Men and Photographs: Getting Better Results Men and Photographs: Getting Better Results
With the unprecedented popularity of cameras and photography, thanks partly to the proliferation of smartphones with built-in cameras and of affordable digital cameras, men... Men and Photographs: Getting Better Results

With the unprecedented popularity of cameras and photography, thanks partly to the proliferation of smartphones with built-in cameras and of affordable digital cameras, men are more likely to accept being photographed in casual situations. You may be asked to photograph the men in your circle of family and friends for their LinkedIn and Facebook profiles, for online dating sites, and for family photos, among others, usually in a more relaxed setting than with corporate shots.

But there are certain challenges that come with taking photos of men in comparison with women, such as their general discomfort in front of the camera – unless, of course, they are professional models or avid selfie fans.  Here are tips to photograph men and get better results from a single session.

Consult With Him Before the Actual Shoot

You shouldn’t assume that the women, whether it’s the wife, mother, or daughters, in the family communicated with the men, such as the husband, grandparent, or brother, about the reasons for the photo shoot. You have to include the men in the consultation process so that they have a clear idea about the what, why and how of the shoot, thus, making them more likely to cooperate during the big day. Otherwise, you will likely be faced with a reluctant, cranky, and disagreeable dad looking like he wants to be somewhere else instead of in front of the camera.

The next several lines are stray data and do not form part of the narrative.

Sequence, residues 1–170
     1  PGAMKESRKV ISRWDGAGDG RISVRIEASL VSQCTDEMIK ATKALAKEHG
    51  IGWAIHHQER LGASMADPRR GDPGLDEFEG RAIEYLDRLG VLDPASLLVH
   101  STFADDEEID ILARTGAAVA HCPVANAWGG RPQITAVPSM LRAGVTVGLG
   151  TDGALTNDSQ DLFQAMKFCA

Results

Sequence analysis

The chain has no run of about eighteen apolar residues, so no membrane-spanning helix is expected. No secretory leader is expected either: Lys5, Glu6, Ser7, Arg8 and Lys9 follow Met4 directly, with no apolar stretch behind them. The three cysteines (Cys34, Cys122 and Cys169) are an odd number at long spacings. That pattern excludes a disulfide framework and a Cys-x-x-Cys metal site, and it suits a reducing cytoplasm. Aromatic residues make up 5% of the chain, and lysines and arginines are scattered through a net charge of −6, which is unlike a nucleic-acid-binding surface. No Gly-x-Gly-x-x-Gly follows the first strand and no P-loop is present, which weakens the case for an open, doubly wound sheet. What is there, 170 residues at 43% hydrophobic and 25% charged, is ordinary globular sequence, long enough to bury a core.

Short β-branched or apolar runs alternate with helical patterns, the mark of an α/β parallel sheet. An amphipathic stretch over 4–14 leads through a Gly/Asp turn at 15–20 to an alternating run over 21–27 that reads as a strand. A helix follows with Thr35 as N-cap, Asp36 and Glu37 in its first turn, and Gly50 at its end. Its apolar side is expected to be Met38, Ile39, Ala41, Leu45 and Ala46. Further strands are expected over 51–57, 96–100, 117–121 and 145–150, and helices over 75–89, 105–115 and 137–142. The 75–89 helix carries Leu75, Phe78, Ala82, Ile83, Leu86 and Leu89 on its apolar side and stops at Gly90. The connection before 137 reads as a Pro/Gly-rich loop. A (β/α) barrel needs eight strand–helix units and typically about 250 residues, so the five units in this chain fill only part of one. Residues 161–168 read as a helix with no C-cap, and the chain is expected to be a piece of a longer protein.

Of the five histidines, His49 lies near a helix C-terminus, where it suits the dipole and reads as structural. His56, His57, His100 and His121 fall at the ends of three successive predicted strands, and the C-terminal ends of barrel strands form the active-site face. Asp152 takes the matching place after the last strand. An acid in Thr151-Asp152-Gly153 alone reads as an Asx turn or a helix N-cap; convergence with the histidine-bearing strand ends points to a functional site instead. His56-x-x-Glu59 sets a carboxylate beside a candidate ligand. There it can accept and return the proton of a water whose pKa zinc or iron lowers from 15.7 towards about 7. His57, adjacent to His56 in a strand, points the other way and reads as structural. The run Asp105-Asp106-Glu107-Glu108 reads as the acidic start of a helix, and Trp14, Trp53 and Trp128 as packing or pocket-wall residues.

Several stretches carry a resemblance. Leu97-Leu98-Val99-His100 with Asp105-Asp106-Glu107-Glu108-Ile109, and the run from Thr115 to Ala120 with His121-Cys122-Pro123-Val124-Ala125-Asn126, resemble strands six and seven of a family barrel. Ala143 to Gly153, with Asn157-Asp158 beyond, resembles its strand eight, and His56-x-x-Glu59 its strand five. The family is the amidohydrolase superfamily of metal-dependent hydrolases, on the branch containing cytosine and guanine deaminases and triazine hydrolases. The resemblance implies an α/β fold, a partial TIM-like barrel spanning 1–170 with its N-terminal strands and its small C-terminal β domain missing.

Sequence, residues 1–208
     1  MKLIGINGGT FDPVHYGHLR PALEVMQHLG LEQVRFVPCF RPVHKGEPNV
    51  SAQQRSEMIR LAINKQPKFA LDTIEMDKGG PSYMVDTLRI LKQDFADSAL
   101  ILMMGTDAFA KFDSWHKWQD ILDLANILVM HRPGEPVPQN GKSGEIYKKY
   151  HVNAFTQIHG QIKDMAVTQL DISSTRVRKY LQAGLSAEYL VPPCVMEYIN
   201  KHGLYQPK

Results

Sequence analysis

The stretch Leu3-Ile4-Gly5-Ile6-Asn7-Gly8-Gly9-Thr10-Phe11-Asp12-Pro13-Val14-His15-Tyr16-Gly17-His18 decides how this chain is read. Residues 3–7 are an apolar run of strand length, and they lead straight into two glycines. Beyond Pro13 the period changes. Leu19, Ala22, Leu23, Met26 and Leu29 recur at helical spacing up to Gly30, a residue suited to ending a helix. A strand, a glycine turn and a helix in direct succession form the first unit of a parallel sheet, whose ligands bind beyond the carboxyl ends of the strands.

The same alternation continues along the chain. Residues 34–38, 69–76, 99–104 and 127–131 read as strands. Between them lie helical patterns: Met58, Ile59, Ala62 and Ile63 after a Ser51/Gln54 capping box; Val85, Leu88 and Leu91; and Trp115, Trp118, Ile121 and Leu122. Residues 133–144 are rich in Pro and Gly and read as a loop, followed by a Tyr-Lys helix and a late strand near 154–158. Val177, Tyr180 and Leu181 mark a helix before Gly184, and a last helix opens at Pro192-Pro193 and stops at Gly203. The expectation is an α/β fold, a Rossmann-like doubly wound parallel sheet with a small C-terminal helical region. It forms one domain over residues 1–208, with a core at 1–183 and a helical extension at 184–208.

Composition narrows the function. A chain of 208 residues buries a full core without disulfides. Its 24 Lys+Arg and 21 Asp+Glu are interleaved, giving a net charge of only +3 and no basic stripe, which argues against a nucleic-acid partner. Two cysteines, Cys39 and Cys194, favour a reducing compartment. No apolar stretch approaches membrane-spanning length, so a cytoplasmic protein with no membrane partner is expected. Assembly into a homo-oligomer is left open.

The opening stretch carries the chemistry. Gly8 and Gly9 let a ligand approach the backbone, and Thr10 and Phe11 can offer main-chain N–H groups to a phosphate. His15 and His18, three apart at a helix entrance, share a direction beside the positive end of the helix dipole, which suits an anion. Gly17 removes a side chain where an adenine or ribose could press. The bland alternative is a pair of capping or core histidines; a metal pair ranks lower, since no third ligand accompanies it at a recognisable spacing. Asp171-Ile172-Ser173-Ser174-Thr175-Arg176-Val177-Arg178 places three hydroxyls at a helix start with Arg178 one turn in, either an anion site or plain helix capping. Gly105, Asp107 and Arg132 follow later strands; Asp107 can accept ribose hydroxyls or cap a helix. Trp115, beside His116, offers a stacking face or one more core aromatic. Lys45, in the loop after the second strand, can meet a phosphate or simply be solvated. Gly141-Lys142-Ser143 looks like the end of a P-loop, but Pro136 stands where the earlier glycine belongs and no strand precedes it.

During the consultation, you will be able to gather crucial information including:

  • His ideas about his most comfortable position for his shot
  • His interests and hobbies, which can be reflected in the photos
  • His insecurities especially about his facial and bodily features (e.g., a prominent chin, a large nose, or a protruding belly

You can even discuss the clothes he will be wearing so that his outfit can bring out the best in him. Keep in mind that you should be making suggestions, not issuing orders since the client will be the final judge of your work and he has to live with it, too.

Focus on the Positives

Your photos should tell a good story about the subject especially when it has been commissioned by the family. Keep these tips in mind:

  • Minimize the appearance of physical liabilities while still making sure that the subject looks like himself in real life. Cheek jowls, double chins, and large bellies may give character to the person but these can also be distracting so seek to minimize their appearance in the photos.
  • Make your subject more relaxed in his poses, such as bending the arms and legs.  
  • Give him something to lean on or something to do with his hands to make him feel more relaxed.

When you have the perfect shots, you can have them printed at Wal-Mart Photo before presenting the physical prints to your subject and his family.  

Editorial Staff